Top Navigation  
 
U.S. Flag waving
Office Hours Momday - Friday  8 am - 5 pm Pacific 1-800-835-2418
 
Facebook   YouTube   Twitter
 
Features
 Home Page
 Current Issue
 Article Index
 Author Index
 Previous Issues

Bookstore
 Subscriptions
 Kindle Subscriptions
 Kindle Publications
 Anthologies
 Books
 Back Issues
 Discount Books
 All Specials
 Classified Ad

Advertise
 Web Site Ads
 Magazine Ads

More
 BHM Forum
 Contact Us/
 Change of Address

Forum / Chat
 Forum/Chat Info
 Lost Password
 Write For BHM


Link to BHM

Where We Live by John Silveira and Richard Blunt. Photos and commentary from Oregon and New England.

Want to Comment on a blog post? Look for and click on the blue No Comments or # Comments at the end of each post.



Great egrets catching fish

Monday, September 2nd, 2013

I took one hundred and fifty-five photos of two great egrets, over a five-minute period, in the Port of Gold Beach. It’s the first time I could clearly see them catching fish. Besides fish, great egrets eat amphibians, small mammals and reptiles, crustaceans, insects, etc.

I focused on one as it was stalking prey. It alternately walked very slowly or stood still in the shallow water. It now just waited for something below the surface to approach. When one of the fish finally got too close, the great egret plunged its head into the water and, when it pulled it out, it had one in its bill.

What I didn’t realize, until I saw this one in action, is that, once it’s caught a fish, it’ll very patiently dip it back into the water, several times, to clean it off. In this case, it was removing most of the seaweed before it ate it. This can take several minutes and several dips into the water. Then it’ll turn the fish in its bill so it can swallow it whole, head first. Unfortunately, I missed the shot where it swallowed the fish.

That silvery filament, in the next-to-last shot, that looks like fishing line, is thin strands of seaweed with water running down them.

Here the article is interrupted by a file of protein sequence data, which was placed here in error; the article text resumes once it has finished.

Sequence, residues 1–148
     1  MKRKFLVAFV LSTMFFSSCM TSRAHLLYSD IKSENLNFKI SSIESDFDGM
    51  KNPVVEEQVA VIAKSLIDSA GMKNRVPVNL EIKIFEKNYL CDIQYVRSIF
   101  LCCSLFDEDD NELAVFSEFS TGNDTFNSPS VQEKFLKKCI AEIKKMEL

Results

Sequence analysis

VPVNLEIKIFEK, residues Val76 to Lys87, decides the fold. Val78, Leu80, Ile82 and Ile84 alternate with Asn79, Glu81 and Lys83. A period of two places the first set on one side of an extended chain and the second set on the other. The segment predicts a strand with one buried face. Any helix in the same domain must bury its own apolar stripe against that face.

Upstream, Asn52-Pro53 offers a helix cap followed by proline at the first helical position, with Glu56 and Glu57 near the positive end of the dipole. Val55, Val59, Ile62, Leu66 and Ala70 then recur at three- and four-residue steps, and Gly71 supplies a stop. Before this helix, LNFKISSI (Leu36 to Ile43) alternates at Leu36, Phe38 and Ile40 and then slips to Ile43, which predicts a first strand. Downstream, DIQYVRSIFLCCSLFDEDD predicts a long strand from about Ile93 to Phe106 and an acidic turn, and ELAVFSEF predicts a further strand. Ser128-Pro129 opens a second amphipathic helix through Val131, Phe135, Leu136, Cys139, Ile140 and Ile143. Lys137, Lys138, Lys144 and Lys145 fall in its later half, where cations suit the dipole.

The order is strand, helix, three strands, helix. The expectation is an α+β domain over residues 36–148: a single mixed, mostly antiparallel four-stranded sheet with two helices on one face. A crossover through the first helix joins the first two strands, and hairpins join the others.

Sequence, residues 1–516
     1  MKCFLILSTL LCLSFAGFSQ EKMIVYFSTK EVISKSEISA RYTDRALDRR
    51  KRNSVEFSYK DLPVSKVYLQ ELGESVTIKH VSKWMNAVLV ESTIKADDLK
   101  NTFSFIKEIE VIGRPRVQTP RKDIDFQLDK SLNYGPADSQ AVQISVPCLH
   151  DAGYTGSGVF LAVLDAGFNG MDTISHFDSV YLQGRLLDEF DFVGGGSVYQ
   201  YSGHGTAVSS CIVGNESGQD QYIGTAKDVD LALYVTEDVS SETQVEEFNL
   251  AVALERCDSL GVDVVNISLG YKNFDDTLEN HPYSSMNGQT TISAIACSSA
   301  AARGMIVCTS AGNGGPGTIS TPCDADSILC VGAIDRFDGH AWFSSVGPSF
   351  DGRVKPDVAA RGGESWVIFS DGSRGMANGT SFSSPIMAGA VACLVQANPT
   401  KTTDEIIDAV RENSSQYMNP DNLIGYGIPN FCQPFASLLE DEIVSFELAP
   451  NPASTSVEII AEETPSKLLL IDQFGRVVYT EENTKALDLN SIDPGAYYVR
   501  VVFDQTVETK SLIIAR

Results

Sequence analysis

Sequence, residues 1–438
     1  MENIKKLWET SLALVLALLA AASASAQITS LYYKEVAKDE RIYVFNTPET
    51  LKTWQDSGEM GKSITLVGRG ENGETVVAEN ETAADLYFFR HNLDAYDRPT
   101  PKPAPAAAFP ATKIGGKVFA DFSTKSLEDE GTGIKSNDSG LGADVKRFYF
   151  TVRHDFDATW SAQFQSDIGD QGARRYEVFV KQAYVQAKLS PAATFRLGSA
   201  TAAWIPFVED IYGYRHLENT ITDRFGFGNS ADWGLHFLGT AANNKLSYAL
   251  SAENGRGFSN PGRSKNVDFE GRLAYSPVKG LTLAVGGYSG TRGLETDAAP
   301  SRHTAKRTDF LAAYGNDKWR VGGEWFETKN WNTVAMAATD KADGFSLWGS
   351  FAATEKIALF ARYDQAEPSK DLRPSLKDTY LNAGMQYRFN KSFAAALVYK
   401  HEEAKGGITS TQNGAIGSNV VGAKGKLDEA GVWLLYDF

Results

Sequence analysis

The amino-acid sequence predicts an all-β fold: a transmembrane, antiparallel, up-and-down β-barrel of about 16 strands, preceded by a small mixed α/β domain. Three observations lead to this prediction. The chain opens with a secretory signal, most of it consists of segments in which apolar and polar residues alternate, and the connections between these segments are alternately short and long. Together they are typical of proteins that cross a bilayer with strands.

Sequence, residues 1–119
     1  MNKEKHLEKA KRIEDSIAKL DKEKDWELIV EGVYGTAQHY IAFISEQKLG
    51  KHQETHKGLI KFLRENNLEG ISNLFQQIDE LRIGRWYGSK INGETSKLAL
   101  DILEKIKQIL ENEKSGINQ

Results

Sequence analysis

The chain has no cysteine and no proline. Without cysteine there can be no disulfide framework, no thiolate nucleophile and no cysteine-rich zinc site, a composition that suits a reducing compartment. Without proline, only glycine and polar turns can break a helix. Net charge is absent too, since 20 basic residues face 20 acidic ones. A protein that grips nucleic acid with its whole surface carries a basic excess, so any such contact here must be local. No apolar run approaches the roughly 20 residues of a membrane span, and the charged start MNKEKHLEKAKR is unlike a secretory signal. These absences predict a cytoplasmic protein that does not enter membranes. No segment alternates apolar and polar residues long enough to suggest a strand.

In the fifth photo, you can see the great egret in the background trying to catch something. In the sixth photo, you can see just the seaweed hanging off a fish it had caught.

 

It's hunting.

It’s hunting.

I almost missed this shot because it struck so quickly.

I almost missed this shot because it struck so quickly.

It caught something.

It caught something.

G83C7616 cropped for blog

It's about to clean off its catch.

It’s about to clean off its catch.

It will dip its catch back into the water, several times, until it's satisfied the catch is clean.

It will dip its catch back into the water, several times, until it’s satisfied the catch is clean.

G83C7650 cropped for blog

While it's getting ready to swallow, its companion, in the background, is making its own catch.

While it’s getting ready to swallow, its companion, in the background, is making its own catch.

While it's turning it's catch to swallow it head-first, its companion has a mass of seaweed hanging from its own catch and will have to deal with it.

While it’s turning it’s catch to swallow it head-first, its companion has a mass of seaweed hanging from its own catch and will have to deal with it.

This is the full-frame photo of the cropped image above. I just thought you should see what I was seeing.

This is the full-frame photo of the cropped image above. I just thought you should see what I was seeing.

 

 

 

 

 

 

 

Comments are closed.

 
 


 
 

 
 
 
 
 
Copyright © 1998 - Present by Backwoods Home Magazine. All Rights Reserved.